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COVID-19, Obesity and Diabetes


Maryam Shapland, MD
Maryam Shapland,
MD, DBIM

Vice President and Medical Director
RGA U.S. Mortality Markets

As COVID-19 continues to spread worldwide, characteristics of a country’s population may be associated with clinical features and outcomes of the disease. The higher case-fatality rate in Italy compared to China, for example, has been attributed to its older population8. However, some authors have argued that the increased prevalence of obesity in older adults in Italy may also account for the differences in mortality between the two countries.2

Obesity has also been linked to severe coronavirus disease in Americans. According to the CDC1, in 2017-2018, the prevalence of obesity in the United States was 42.4%. Americans have a high burden of severe obesity, as 9.2% of the population have a BMI>40 kg/m 2. Findings from recent studies have shed some light on the intersection of COVID-19 and obesity: 

  • Per the March MMWR11, 48.3% of adults hospitalized with COVID-19 were obese. Remarkably, of the admitted patients aged 18-49, 59% were obese. In older patients, 49% of those aged 50-64 and 41% of those aged 65 years and older were obese.
  • A retrospective analysis7 of BMI stratified by age was performed in 3,615 COVID-19-positive patients presenting to a large academic hospital system in New York City. This study showed that compared to patients in the same age category with a BMI <30:
    • Patients aged <60 years with a BMI of 30-34 were two times more likely to be admitted to acute care and 1.8 times more likely to be admitted to critical care.
    • Patients aged <60 years with a BMI ≥35 were 2.2 times more likely to be admitted to acute care and 3.6 times more likely to be admitted to critical care.
  • A retrospective case series5 of 393 adults admitted to a community hospital in New York City with confirmed COVID-19 infection found that 35.8% of admitted patients were obese. Of the patients who required invasive mechanical ventilation, 43.4% were obese.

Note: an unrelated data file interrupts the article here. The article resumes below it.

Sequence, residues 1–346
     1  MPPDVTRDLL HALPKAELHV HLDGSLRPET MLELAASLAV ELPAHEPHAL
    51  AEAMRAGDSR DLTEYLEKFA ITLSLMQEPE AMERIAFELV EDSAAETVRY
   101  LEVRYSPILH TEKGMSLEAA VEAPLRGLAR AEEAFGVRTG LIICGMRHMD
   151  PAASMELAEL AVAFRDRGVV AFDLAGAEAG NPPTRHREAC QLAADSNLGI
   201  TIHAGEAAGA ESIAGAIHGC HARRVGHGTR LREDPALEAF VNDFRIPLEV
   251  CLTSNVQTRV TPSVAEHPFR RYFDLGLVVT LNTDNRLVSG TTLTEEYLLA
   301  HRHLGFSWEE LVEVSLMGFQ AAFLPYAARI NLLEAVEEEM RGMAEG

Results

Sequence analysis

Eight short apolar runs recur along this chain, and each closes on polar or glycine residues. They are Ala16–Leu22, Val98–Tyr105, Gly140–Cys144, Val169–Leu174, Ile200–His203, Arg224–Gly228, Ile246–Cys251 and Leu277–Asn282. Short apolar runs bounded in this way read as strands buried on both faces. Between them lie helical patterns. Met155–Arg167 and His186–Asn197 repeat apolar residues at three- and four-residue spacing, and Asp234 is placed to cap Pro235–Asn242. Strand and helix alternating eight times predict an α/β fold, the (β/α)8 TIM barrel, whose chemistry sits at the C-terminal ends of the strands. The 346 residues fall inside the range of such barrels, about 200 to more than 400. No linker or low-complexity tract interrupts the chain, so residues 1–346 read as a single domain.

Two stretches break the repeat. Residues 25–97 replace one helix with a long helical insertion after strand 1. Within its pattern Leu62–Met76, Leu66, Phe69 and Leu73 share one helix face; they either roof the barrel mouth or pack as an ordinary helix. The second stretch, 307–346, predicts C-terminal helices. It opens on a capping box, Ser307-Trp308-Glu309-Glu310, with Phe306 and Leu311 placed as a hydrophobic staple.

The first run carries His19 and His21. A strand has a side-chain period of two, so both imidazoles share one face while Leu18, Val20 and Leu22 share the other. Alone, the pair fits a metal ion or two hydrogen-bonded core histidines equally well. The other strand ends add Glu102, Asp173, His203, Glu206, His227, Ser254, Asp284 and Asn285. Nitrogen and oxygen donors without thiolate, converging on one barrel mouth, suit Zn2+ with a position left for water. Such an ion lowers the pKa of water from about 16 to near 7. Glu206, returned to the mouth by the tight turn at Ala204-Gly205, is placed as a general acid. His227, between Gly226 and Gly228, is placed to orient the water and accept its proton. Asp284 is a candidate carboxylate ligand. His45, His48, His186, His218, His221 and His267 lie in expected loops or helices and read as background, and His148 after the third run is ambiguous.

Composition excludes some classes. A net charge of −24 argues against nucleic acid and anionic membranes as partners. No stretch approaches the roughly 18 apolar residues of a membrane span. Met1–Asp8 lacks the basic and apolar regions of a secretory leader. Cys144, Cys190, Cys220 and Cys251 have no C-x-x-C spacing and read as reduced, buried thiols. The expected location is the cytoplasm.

Obesity was recognized as an independent risk factor for complications from H1N1 infection during the 2009 pandemic.4 Although it remains to be seen whether obesity is an independent risk factor for severe COVID-19 illness, anatomy and pathophysiology indicate this may be the case. Obesity exerts a mechanical effect on lung physiology, and adipose tissue can function as an endocrine organ producing systemic inflammation and effecting central respiratory control.12 This can then lead to diseases such as obstructive sleep apnea, restrictive lung disease, obesity hypoventilation syndrome, and airway inflammation, which subsequently exacerbates underlying asthma and COPD. Intubation and ventilation of obese patients are often complicated by unaccommodating anatomy, poor lung function, and smaller lung volumes. An increased work of breathing places additional strain on already impaired cardiac and pulmonary functions.12

Persons with obesity are also at high risk by virtue of the chronic diseases that obesity drives.4 Not only does chronic hyperglycemia lead to an immunodeficient state and increased pulmonary infection risk, but patients with diabetes exhibit more severe disease when infected with respiratory viruses. In fact, during the 2009 H1N1 pandemic, the presence of diabetes tripled the risk of hospitalization and quadrupled the risk of ICU admission once hospitalized.9